This Week in Culinary School: Week 13

jacobsen produce.jpg

Top Three Things I Learned This Week

1.Precious Produce- Jacobsen’s Orchards.  We began the week with a field trip to Yountville, just north of Napa.  We spent the morning strolling through the petite orchards of Peter Jacobsen, a San Francisco dentist who supplies exquisite produce to French Laundry, SPQR, and Benu.  The photo above is some of what he grows, when he is not fixing people’s smiles.

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The trip wasn’t just a chance to gawk and admire, but was an exercise in thinking about all the different parts of plants and their flavor components, and how to use them in non-traditional ways.  Peach leaf ice cream, for example.  The most mind mind-blowing exercise was tasting the oyster leaf, a plant which tastes just like the shellfish it’s named after.

2.My Externship Placement- MouradAt the end of our field trip to Jacobsen’s Orchards, we learned our externship placements, with the caveat that we might be required to stage.  (A stage, pronounced like “stahj,” not as in English, is basically an unpaid apprenticeship in the kitchen.)  I was crossing my fingers that I wouldn’t have to.  But of course I did, and even though I spent the days leading up to my stage being nervous, I am very excited to say that it’s a go! The night I spent in the kitchen at Mourad, the Michelin-starred modern Moroccan fine dining restaurant from Chef Mourad Lahlou, was eye-opening and nothing like I’ve ever seen, except in documentaries.  (And you might recognize Chef Lahlou from Iron Chef America, too.)  Some people refer to the precision plating style he uses to serve his food as “tweezer food,” and it’s true– everyone was using tweezers the entire night to make plates of food that look like true works of art.  In fact, some of the sauces are referred as “paint.” But this is not just eye candy, it’s exquisitely prepared food with complex flavors.  One of the highlights of the evening (besides the privilege of being there, and being asked to come back for a few months) was being treated to tastings of some of the evening’s most popular dishes.  One was an octopus appetizer, which was garnished with a chickpea puree with such a complex and deep flavor I couldn’t even begin to guess what it contained. I was told that the list of flavors that went into that simple spoonful was at least 10 spices long.  And as you know, I love cooking with spices, so I am thrilled.  I cannot wait for my externship, which starts next month.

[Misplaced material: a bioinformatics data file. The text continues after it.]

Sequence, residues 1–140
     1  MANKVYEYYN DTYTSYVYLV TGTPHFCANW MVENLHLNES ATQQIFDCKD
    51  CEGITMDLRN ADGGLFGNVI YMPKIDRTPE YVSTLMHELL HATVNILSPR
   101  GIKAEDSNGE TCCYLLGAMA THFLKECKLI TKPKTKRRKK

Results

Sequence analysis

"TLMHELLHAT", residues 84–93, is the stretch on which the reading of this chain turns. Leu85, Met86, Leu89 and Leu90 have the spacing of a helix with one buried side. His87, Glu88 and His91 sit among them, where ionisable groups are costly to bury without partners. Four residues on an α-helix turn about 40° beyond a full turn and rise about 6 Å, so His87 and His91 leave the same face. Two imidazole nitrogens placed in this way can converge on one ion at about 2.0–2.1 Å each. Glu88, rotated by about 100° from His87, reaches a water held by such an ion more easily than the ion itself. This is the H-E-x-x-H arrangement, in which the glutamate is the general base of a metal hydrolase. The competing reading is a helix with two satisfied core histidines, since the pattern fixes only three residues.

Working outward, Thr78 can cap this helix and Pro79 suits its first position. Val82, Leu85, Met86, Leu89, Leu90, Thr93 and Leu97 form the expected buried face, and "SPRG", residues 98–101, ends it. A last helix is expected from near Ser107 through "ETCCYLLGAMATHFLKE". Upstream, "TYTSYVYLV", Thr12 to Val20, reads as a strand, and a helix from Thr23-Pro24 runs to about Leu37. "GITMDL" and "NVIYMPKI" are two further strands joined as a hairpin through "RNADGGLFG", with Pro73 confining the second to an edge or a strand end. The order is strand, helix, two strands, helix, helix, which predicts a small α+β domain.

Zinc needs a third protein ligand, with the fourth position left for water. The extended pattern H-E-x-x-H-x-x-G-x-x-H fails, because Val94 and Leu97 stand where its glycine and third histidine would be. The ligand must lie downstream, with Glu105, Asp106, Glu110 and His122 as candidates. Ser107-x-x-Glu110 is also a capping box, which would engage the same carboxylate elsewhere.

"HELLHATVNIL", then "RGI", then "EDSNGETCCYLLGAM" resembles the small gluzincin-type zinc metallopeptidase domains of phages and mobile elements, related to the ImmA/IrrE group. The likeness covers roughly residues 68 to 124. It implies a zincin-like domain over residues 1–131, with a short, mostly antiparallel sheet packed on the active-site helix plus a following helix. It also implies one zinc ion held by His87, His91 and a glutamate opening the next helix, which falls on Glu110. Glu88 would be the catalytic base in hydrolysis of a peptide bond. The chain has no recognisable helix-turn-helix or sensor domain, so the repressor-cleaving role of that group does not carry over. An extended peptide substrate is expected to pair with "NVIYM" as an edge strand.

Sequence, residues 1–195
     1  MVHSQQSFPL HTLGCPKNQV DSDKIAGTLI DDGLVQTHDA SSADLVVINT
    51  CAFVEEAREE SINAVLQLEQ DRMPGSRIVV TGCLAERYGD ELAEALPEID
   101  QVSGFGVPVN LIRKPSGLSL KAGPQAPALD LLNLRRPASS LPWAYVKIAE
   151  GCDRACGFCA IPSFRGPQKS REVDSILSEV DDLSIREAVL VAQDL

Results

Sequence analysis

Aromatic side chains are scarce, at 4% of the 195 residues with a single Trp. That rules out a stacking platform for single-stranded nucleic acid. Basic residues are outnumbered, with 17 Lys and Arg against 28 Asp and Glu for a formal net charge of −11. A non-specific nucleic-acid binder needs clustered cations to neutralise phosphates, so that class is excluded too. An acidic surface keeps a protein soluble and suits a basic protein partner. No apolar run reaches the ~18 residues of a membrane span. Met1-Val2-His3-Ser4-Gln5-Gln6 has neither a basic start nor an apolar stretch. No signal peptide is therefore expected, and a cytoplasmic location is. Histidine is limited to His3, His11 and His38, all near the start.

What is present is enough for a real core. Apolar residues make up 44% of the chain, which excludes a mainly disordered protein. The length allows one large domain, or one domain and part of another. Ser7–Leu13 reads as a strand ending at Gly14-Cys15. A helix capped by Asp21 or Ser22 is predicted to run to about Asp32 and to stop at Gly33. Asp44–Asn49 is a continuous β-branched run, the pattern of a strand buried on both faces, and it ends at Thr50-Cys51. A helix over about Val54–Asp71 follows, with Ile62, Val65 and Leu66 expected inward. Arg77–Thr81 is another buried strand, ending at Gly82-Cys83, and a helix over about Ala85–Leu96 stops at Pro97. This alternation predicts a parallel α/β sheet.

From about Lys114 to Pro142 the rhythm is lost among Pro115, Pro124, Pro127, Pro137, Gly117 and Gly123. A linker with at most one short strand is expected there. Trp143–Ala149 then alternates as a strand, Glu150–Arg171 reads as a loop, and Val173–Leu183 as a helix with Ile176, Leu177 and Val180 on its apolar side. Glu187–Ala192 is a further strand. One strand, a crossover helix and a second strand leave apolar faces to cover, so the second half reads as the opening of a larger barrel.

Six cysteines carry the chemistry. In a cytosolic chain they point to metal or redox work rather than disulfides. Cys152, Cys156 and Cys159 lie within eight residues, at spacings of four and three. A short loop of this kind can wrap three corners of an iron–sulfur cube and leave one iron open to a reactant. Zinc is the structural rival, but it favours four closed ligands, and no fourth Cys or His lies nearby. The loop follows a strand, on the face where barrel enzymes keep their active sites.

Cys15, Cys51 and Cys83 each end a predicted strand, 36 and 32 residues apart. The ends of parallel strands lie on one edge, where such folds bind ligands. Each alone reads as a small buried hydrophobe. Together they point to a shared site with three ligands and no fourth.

3.Pizza Party at Pizzeria Delfina– We also had a chance to cook in the Pizzeria Delfina kitchen.  While I was disappointed that the proprietary recipe for Delfina’s excellent crust remained secret, it was a good time making pizza in the Delfina kitchen, using their dough.

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And I did learn some pizza dough stretching tricks:

-keep your dough as round as possible when moving to your board to stretch

-press the center of your round of dough outwards with your fingertips, to provide firm base by working the gluten, but leave a rim around untouched for a soft and chewy crust

-after you’ve flattened out the base, pick up your dough up carefully and position two thumbs up at top, pinching the dough (again, not the crust) between your thumb and fingers on opposite side, rotating around the entire crust until it is stretched to the right size thinness

The remaining steps for Delfina pizza:

-place sauce and toppings as desired

-and now, the tricky part: bake for 4 minutes total in a 725 degree F deck oven.  (Don’t try this at home!)

-the finishing touch: a drizzle of excellent olive oil on top

(If you’re wondering what my toppings were, I basically recreated Delfina’s broccoli rabe pizza and added red bell pepper and oyster mushrooms.)

 

Thanks for coming by! If you’re curious what it’s like to be in culinary school, check out my previous posts and also come back weekly for my latest updates. I’ll be sharing tips, ingredients, and recipe ideas straight from the classroom. And for healthy cooking and eating tips, join my community on Facebook at The Doctor’s Spicebox.

 

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